Introduces 9 key questions for civil society to consider in press regulation
4. Inquiry Watchdogs
Several academic and civil society advocacy organizations have been closely following the Leveson hearings.
Index on Censorship
Coordinating Committee on Media Reform
5. Statements, Speeches and Positions from Leveson Seminars and Hearings
Leveson Hearings Witness Statements
Paul Dacre, Daily Mail Editor on self-regulation:
“And self-regulation, I would argue, is at the very heart of a free press. Which is why I profoundly regret that a Prime Minister – who had become too close to News International in general and Andy Coulson and Rebekah Wade in particular – in a pretty cynical act of political expediency has prejudiced the outcome of this inquiry by declaring that the PCC, an institution he’d been committed to only a few weeks previously, was a “failed” body. It is emphatically not.”
Eve Salomon, Media Regulation and Law Expert and Former Chair of Internet Watch Foundation Board, on self-regulation:
“There are well-rehearsed arguments about potential state interference with freedom of expression, which I don’t need to repeat. But there is another practical reason: if the press feels coerced into regulation it doesn’t want, it will rebel. And it will use the weapon most readily at hand, and which is not available to the regulator – the media . . . So my second message is: don’t impose a new regulatory arrangement which doesn’t have the support of the press behind it.”
Alan Rusbridger, Guardian Editor on free speech:
“The press is sometimes called the fourth estate. That’s probably too grandiose a concept for most journalists’ tastes – but it does suggest an important, coherent and independent force in society. That “apartness” is crucial. The press does not share the same aims as government, the legislature, the executive, religion or commerce. It is, or should be, an outsider.”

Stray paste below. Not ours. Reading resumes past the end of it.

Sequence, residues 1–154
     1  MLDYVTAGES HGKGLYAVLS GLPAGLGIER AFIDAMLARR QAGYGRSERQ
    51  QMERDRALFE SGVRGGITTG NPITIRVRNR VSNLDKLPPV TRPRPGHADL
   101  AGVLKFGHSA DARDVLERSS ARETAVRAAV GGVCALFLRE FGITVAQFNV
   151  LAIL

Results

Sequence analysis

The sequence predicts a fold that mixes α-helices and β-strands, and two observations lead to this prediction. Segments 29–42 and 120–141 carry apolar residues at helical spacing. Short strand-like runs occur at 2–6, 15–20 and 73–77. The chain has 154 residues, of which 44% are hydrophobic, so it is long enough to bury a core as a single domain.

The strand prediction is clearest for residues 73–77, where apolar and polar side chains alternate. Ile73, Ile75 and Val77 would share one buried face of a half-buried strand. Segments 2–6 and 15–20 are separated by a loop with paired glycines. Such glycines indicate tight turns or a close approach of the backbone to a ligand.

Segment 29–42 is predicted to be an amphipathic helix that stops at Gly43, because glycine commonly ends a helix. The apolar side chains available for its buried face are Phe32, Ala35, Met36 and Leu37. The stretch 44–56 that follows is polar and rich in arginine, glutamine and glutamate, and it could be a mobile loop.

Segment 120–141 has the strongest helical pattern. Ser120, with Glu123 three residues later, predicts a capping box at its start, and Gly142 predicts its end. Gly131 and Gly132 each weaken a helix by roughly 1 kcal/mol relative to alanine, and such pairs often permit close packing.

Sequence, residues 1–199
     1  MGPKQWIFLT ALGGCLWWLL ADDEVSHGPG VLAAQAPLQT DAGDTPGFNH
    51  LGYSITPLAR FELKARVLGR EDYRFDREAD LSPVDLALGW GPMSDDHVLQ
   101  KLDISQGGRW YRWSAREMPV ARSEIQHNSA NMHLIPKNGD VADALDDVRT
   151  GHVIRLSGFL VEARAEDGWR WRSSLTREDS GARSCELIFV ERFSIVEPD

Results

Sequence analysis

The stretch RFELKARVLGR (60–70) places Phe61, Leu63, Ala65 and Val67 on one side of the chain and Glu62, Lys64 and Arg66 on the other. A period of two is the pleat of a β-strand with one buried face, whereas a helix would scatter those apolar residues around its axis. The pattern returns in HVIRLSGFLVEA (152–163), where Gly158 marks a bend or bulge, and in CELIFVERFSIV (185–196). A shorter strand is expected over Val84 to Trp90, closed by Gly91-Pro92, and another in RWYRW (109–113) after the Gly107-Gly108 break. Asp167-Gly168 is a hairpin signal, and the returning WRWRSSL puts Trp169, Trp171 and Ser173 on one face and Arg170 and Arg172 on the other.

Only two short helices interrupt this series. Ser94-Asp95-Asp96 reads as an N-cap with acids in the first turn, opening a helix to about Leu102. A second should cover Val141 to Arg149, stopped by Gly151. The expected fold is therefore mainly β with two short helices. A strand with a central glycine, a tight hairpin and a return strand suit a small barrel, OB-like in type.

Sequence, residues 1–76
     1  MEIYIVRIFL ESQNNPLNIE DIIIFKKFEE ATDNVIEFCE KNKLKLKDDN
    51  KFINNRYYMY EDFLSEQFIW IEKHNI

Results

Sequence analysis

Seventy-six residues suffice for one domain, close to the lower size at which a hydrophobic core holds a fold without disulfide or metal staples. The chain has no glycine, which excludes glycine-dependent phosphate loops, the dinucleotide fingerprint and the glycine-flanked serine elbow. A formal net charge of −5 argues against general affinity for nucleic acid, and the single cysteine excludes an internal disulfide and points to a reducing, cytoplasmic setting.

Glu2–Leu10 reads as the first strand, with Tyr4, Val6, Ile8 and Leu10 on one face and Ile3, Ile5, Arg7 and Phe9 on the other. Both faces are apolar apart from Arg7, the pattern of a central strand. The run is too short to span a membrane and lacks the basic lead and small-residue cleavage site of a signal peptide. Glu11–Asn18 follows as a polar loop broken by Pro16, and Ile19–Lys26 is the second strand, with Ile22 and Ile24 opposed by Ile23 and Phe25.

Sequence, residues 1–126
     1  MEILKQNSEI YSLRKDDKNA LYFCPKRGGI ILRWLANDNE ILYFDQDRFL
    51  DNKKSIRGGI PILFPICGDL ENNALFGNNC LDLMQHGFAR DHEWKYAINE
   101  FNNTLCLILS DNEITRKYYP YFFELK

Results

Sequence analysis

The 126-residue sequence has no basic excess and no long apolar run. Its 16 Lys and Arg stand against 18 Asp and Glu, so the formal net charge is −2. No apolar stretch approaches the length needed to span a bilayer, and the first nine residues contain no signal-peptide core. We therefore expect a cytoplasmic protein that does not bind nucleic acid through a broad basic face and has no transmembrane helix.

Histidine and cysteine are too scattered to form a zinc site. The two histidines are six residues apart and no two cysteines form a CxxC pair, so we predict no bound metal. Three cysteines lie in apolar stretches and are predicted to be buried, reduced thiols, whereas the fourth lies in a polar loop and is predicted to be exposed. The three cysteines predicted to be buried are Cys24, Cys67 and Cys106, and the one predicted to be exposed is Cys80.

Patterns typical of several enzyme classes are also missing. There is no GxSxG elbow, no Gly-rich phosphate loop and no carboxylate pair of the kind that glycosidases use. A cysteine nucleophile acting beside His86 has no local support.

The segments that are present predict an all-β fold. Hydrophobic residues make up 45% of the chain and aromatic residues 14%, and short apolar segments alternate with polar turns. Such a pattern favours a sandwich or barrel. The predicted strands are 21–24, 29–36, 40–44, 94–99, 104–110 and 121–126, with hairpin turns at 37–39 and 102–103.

6. Proposals for reform
Andrew Chadwick and Hugh Tomlinson on Media Tribunals Proposal:
Media Lawyers Chadwick and Tomlinson propose media tribunals which would cover media beyond the printed press and would roll in libel reform with reform of self-regulation to develop a pan-media tribunals system that would hear complaints relating to journalism, including PCC code issues, as well as defamation and privacy breaches.
Lionel Barber, Financial Times Editor, in his Fulbright Speech:
Barber proposes opening up self-regulation to include more “outsiders” in what he calls a Media Standards Commission. This Commission would have investigative and sanctioning powers
Martin Moore, Media Standards Trust Director:
Moore proposes seven different options for reform including the option of reforming the PCC, abolishing the PCC, extending Ofcom-like body to cover all media and others.
Coordinating Committee for Media Reform:
The CCMR proposes reforms in the areas of ethics, public interest, plurality and funding.
Press Complaints Commission:
Known as “PCC 2.0”, the PCC proposal is outlined by Lord Hunt in his witness statement and evidence and Lord Black in his first and second witness statements and evidence, given at the Leveson hearings.
7. Relevant Legislation
Human Rights Act 1998
The Human Rights Act 1998 brought the UK more in line with the European Convention on Human Rights and states that Freedom of Expression must be balanced against “any privacy code”
Freedom of Information Act (2000)
The Privacy and Electronic Communications Regulations 2011
The 2011 Amendment implemented the EC Directive and amended the Telecommunications (Lawful Business Practice) (Interception of Communications) Regulations of 2000.
8. Media Sources and Commentary
Phone Hacking Timelines